So while Ariel Sharon deserves all the scorn and loathing that Arabs heap on him, one must be careful to not fall victim into the trap of Israeli Mossad propaganda where Sharon’s murders are presented as accidental or marginal or a side-story to the Zionist narrative. Sharon was not an anomaly and Israeli leaders from Ben Gurion to Golda Meir and Yitzhak Rabin and Shimon Peres are in no way less bad or less terrorist or war criminal than Sharon. Israeli war crimes and massacres have been planned and agreed upon by a collective Zionist leadership.
The discussion of the role of Ariel Sharon, and his so-called “leaving the cabinet in the dark” regarding his objectives from the 1982 Israeli invasion should be treated with skepticism, and they remind one of the notion that Ronald Reagan did not know about the arming of the Contras in Nicaragua. Those are politically self-serving accounts peddled by political leaders in trouble. Sharon may have disagreed with Begin about the geographical scope of the Israeli invasion of 1982, but the two never disagreed on the moral necessity of killing some 20,000 Lebanese and Palestinians, mostly civilians in a few months time. But the scale of mass killing, indiscriminate bombardment (even Thomas Friedman, who was then a correspondent in Beirut had to admit that because he was in the receiving end’s area), the use of car bombs on regular basis in Beirut, along with torturing children and adults were never subject to contestation in the Israeli government.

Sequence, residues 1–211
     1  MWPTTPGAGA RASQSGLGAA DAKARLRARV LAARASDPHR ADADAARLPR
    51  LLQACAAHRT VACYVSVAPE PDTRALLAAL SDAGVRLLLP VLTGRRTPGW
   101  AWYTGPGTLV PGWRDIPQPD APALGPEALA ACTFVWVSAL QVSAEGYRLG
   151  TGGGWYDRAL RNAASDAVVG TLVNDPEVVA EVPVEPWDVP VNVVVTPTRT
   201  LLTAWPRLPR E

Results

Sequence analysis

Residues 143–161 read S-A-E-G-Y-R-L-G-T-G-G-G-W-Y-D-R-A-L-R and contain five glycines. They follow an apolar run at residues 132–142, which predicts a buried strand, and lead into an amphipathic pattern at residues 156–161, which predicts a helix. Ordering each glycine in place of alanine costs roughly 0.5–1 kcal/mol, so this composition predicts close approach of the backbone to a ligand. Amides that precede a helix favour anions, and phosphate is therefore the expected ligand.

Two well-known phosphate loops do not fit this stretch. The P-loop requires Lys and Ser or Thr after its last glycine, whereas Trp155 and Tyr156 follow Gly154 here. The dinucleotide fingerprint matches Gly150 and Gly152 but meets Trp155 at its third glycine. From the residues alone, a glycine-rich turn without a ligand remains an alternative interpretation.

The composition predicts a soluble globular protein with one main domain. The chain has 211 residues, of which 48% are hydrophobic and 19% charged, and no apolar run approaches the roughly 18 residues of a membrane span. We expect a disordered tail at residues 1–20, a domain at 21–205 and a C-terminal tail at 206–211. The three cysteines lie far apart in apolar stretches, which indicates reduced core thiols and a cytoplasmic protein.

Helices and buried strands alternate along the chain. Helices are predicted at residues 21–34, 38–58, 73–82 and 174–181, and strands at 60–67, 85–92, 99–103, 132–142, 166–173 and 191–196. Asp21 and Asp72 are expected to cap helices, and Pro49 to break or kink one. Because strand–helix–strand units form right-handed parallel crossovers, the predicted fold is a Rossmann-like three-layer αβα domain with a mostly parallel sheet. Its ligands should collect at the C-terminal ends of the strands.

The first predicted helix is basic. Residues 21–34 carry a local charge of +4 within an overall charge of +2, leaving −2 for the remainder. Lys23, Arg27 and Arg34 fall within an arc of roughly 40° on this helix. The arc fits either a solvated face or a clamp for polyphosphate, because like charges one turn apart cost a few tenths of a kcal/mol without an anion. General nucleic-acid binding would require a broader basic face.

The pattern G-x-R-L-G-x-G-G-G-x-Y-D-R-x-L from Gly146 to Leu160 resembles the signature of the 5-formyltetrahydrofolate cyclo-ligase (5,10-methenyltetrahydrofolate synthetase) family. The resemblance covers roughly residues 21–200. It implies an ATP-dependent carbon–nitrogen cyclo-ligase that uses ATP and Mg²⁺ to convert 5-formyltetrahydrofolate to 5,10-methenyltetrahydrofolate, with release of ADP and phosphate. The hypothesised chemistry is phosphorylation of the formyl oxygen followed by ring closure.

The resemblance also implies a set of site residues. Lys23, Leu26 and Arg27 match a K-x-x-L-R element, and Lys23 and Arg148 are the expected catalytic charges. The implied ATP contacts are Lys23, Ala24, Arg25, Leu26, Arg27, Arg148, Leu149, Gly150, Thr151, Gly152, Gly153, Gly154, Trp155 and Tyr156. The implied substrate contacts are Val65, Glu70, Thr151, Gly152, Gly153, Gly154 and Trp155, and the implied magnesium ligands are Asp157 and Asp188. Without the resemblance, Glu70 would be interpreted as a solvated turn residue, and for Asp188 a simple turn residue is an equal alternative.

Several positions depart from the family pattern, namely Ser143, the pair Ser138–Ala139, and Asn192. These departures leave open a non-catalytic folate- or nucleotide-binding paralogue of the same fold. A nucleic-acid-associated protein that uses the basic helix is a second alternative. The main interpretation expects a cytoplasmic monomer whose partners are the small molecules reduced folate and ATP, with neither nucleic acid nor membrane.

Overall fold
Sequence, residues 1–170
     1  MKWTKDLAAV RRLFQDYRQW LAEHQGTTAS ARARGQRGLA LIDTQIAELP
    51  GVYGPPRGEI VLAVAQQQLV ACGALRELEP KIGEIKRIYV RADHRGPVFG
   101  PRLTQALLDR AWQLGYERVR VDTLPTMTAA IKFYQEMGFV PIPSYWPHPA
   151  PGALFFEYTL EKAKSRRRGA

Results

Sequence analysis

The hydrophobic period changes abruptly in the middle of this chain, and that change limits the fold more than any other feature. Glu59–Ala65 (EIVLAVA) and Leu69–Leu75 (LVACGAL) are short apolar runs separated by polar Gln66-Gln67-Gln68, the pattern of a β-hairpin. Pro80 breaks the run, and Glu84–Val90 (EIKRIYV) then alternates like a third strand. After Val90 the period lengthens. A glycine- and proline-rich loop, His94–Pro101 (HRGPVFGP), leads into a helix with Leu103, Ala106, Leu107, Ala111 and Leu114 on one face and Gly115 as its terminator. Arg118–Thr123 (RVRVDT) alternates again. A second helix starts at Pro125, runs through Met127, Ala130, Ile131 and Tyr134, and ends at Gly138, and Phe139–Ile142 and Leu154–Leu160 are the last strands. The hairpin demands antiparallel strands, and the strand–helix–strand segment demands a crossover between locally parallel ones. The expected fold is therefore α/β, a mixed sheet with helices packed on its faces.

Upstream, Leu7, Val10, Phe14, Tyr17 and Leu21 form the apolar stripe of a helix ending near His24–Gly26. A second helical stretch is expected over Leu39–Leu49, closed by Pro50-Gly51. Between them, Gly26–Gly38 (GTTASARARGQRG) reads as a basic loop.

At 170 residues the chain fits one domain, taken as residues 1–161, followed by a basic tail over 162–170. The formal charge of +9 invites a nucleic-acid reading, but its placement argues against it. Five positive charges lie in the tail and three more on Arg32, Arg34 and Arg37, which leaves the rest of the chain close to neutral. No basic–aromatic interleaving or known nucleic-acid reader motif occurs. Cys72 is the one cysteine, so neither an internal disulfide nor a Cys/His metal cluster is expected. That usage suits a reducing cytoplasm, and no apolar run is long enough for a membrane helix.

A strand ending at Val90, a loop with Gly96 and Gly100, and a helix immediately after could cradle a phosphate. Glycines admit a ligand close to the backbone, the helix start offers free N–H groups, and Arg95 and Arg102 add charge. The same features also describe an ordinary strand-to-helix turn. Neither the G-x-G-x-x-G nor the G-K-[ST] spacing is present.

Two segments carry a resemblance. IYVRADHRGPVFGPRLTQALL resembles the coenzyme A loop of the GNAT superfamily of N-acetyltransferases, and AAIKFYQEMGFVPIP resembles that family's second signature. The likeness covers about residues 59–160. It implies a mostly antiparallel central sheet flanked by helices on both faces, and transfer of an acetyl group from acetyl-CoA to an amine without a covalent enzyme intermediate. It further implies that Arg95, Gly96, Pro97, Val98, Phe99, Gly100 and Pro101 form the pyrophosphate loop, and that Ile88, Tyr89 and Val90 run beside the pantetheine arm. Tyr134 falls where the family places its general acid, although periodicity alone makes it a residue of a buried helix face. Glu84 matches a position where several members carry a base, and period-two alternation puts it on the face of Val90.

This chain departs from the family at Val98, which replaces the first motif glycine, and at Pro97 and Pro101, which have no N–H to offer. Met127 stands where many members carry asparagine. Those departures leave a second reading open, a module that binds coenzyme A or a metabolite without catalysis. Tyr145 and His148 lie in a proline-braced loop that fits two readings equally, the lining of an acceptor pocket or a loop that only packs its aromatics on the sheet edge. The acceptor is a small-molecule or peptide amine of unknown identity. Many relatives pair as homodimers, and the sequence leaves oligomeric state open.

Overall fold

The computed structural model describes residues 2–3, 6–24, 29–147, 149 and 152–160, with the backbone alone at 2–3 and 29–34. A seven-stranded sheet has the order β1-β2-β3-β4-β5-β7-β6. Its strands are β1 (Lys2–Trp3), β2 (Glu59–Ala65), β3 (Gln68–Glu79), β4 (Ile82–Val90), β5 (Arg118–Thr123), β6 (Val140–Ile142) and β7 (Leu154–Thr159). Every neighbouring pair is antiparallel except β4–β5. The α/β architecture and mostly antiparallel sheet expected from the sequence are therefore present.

On the reckless and mass killing of Arabs, the Israeli government always enjoys a solid consensus. As for what is comically called the “Israeli left,” which is politically and electorally insignificant, it sometimes complains if the scale of killing continues for long periods of time – the “left” worries that prolonged violence may cause “anguish” among the killers, and that it may also cause a PR problem for Israel.
Ariel Sharon’s bloody career is littered with the corpses of innocent Arabs from different walks of life. Yet, the image of Sharon was changed by one public declaration by George W. Bush who dubbed him “a man of peace.” Eulogies of Sharon in the Western press refer to his “unilateral” withdrawal from Gaza, as if the withdrawal of an occupation force from occupied lands – and for reasons that have to do with the political and financial calculations of the occupier – signifies a peaceful impulse. As if the US withdrew from Vietnam because Nixon was a man of peace, or as if the Israeli occupation force withdrew humiliatingly from South Lebanon in 2000 for reasons that are not related to the effectiveness of Lebanese resistance to Israeli occupation and terrorism.
The US is now in a zone of its own: No matter what Israel does by way of war crimes, and no matter how much the BDS movement grows, even within the US, and no matter how much world public opinion has shifted over the decades in favor of the Palestinian people, the American government, media, and public remain solidly fanatically in favor of Israel and all of its war crimes. But the Arab world has a different view, they have been (in their homes and refugee camps) on the receiving ends of the indiscriminate bombs of Ben-Gurion, Sharett, Meir, Rabin, Peres, Begin, Shamir, Sharon, Netanyahu, and Barak. The shifts in the political preferences of Israelis mean nothing to Arabs. Sharon was a notorious war criminal, and no amount of fawning coverage in the US press would change that.